When does an American sporting event become a defining statement about American exceptionalism?

Answer:  When Tiger Woods wins his 5th Masters.

For anyone who can only handle about 12-minutes-per-day of anything news related before needing to retreat into isolation, allow me to recommend spending those 12 minutes listening to the opening monologue of The Rush Limbaugh Show.  In that segment, Rush, who has been doing this long enough to have archived recordings making fun of Michael Dukakis, weighs in on the top story of the day.  He is insightful, he is intelligent, and he always has the line you wish you could have said.

This past Monday I caught Rush’s opening in which he talked about Tiger Woods.  Everybody in America was talking about Tiger Woods Monday, save for Pete Buttigieg, who was talking about Mike Pence, and AOC who was talking about how divots at Augusta pose a threat the environment.

The theme of Rush’s riff was that people shouldn’t let their behavior and actions be governed by what others think about them.  They need to be driven by doing what they know they need to do and what is right for them to do.  They need to not obsess over being “liked.”

If you waste time worried about what other people think of you, I want you to remember two words: Tiger Woods. If you ever worry — I mean, this has been a pet peeve of mine. People so concerned with what other people think, it’s what drives Washington. The Republican Party is obsessed with what the media thinks of them, obsessed with what the Democrats who are perceived to run that town think of them. And it’s paralysis.

Tiger Woods experienced perhaps the greatest fall from grace of any celebrity in American history.  It was Thanksgiving of 2009 when the man who had already won 14 major golf tournaments left his home and wrecked his vehicle after an altercation with his wife.  An extra-marital affair had become known to her, and soon it and others would become known to the world.  Next followed injuries, abuse of pain medications, and more public humiliation.

The golden boy of sports, the one who inspired a famous commercial by Nike with a host of people saying, “I am Tiger Woods,” one after the other, lost endorsements, lost tournaments, lost supporters, and seemingly lost his way.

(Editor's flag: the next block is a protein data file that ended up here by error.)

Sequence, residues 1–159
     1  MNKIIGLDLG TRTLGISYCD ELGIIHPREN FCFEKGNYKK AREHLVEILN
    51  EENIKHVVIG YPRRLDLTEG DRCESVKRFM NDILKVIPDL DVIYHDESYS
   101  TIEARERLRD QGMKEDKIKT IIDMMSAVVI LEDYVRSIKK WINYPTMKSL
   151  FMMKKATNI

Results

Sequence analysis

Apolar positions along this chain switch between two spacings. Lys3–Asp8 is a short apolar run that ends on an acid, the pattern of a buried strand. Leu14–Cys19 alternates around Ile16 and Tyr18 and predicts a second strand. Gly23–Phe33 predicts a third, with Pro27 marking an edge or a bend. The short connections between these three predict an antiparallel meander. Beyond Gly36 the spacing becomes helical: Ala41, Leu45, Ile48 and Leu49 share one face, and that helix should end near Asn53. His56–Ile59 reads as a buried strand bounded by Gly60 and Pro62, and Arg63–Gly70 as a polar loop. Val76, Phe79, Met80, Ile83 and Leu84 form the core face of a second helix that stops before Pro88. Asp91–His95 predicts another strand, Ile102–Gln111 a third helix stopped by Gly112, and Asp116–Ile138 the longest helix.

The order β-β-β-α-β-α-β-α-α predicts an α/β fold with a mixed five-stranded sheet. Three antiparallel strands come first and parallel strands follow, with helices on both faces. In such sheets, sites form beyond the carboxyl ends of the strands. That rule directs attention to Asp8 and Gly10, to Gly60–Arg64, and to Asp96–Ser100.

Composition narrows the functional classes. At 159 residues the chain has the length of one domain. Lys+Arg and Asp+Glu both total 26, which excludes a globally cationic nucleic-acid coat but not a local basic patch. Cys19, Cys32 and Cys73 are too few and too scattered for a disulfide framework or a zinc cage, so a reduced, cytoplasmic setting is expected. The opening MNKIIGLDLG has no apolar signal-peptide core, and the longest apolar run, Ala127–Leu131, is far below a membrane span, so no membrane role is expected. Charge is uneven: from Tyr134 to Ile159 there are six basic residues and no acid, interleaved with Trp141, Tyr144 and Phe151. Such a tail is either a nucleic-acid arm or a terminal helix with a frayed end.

Or did he?

As a professional, Tiger Woods always knew what he would have to do to come back to the top.  While keeping a celebrity’s version of a low profile, he continued to rehab, practice, and adjust.  He experimented with new techniques and a new coach. He stayed focused.

He stayed focused on himself and what he had to do.  He was part Nike’s “Just Do It” and part “Just do you.”  He was not focused on what other people were thinking.  This is something very American by way of trait.  It is embodied in the great military and political heroes throughout our history and it is represented in nearly every movie character John Wayne ever played.

It is also embodied in our President and it is the defining symbol of American exceptionalism.

What Tiger Woods has encountered in terms of public humiliation and backlash pales in comparison to what our President has faced.  If President Trump let his actions be governed by wanting to have people like him, by worrying about what others thought, he not only would not be an effective President, he would have dropped out of the race the minute the press falsely stated he called Mexicans “rapists and murderers.”

The President has not been dissuaded.  Tiger Woods was not dissuaded.  They have a job to do and all they worry about is getting done what has to be done.

Damn the opinion, full speed ahead!

Another professional athlete who is someone I personally admire is Tom Brady, quarterback of the New England Patriots.  The excellence of the Patriots over decades has made them and their quarterback easy targets for the same kind of people who would like to see the United States governed by the United Nations. 

Brady has taken heat for everything from deflated footballs, to personal trainer choice, to wearing a Make America Great Again baseball cap.  His response to hearing “what people think of him” is to train, throw touchdowns, and win championships.

It is part of the American ethos to have this kind of unrelenting drive toward excellence; to rise and to fall, to come back and to conquer. It is also becoming far to trendy in America for people to dismiss these attributes as if they are a kind of behavioral relic.  There is a struggle taking place between Americans like Woods, Brady, and the President and those who feel more enlightened and call themselves “progressives.”

As always, Rush gave us the right perspective and reminder:

If you ever, ever get paralyzed by what people think of you and think all is lost after something you think has been humiliating and embarrassing, just never forget Tiger Woods.  We live in a fabulous country that, yeah, we love to build people up to knock ’em down. But we let ’em come back, too, and we celebrate it.  We are happy for people’s success in this country.  Don’t let the left or anybody else tell you differently.  Nobody wants to punish Tiger Woods because he came back.  But the left wants to punish the rich, they want to punish high earners, they want to punish the successful under all kinds of premises.

It is part of our human nature to want to be liked.  It is part of our human nature to worry about what others think of us.  It is an attribute of greatness and of American exceptionalism to not surrender to our nature, but to be guided by an inner calling to persevere and to prevail, no matter the personal cost.

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